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Obama nominates Bowen for the CFTC

Sharon Bowen

Sharon Bowen
President Barack Obama on Wednesday announced his intention to nominate Sharon Y. Bowen to succeed Bart Chilton as a commissioner of the Commodity Futures Trading Commission.

Farm groups had urged the White House to appoint someone with the agricultural expertise that Chilton had.

Bowen, a New York lawyer, does not have that experience, but is acting chairman of the Securities Investor Protection Corporation, an organization chartered by Congress to act as trustee or work with an independent court-appointed trustee in missing asset cases to recover funds.

On November 6, SIPC applauded the work of trustees in the MF Global Inc. case when the bankruptcy court approved the allocation of about $305 million from the MF Global estate to pay back commodity customers, including farmers, by the end of the year.

SIPC noted that all U.S. and overseas commodities customers will receive a 100 percent return of their customer property, according to James W. Giddens, trustee for the Securities Investor Protection Act (SIPA) liquidation of MF Global.

Bowen, a Democrat like Chilton, has served on the SIPC board since 2010, and received Senate confirmation for the position. The CFTC post also requires Senate confirmation.

Obama has already nominated Timothy Massad, a Treasury official, as chairman to succeed Gary Gensler and J. Christopher Giancarlo, a manager at brokerage services company GFI Group, to replace Jill Sommers, who left earlier this year.

If all the nominees are confirmed, the CFTC would have a full five commissioners. The remaining commissioners are Mark Wetjen, a Democrat who will be acting chairman when Gensler leaves at the end of the year, and Scott O’Malia, a Republican.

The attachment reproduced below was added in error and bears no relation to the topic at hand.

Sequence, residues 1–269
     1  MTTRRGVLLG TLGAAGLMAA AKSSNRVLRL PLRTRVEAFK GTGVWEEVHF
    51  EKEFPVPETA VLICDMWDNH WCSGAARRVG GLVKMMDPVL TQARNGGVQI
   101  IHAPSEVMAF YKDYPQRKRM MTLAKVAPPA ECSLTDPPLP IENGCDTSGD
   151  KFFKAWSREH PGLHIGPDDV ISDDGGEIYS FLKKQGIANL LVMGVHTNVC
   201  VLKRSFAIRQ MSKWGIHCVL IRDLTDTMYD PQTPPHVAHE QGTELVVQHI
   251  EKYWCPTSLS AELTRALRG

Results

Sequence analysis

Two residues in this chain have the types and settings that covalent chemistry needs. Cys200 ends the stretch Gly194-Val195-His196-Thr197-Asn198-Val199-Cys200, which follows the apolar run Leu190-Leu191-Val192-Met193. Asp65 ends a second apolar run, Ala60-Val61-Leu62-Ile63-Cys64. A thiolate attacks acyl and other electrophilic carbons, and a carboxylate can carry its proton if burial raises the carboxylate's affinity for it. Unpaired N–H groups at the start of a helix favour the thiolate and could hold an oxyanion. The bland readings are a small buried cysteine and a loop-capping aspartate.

Bowen is a partner in the New York office of the law firm of Latham & Watkins LLP, which she joined in 1988. From 1982 to 1988, Bowen was an associate at Davis Polk & Wardwell LLP.

She has served on the boards of the New York City Economic Development Corporation, the New York Lawyers for the Public Interest, and Public Education Needs Civic Involvement in Learning.

According to biographical information on the Latham & Watkins website, she also serves as on the boards of Northwestern Law School board and UrbanAmerica, Inc., and on the executive committee of PENCIL, a group working to improving public education.

Bowen received a bachelor of arts degree from the University of Virginia in 1978, a law degree from Northwestern University School of Law in 1982, and a masters of business administration degree from the Kellogg School of Management at Northwestern, also in 1982.

According to her firm’s website, Bowen “represents corporations, private equity firms, financial and institutional clients on a broad range of corporate, finance and securities transactions, including mergers and acquisitions, private equity, strategic alliances, securities offerings, corporate restructurings, distressed debt and asset acquisitions, venture capital financings and corporate governance matters.”

The Securities Investor Protection Corporation (SIPC), the Latham & Watkins entry notes, “serves to restore funds to investors with assets in the hands of bankrupt and financially troubled brokerage firms.”

Bowen has been selected as one of America’s top black lawyers by Black Enterprise and was a member of the 2008 DirectWomen Board Institute, a collaboration between Catalyst, a nonprofit organization that expands opportunities for women and business, and the American Bar Association section designed to develop and support the placement of female lawyers on corporate boards of major public companies.

She was also recognized by the Metropolitan Black Bar Association as its 2006 “lawyer of the year” and received the New York City Bar Association’s 2007 Diversity Champion Award and the New York State Bar Association's 2011 Diversity Trailblazer Award.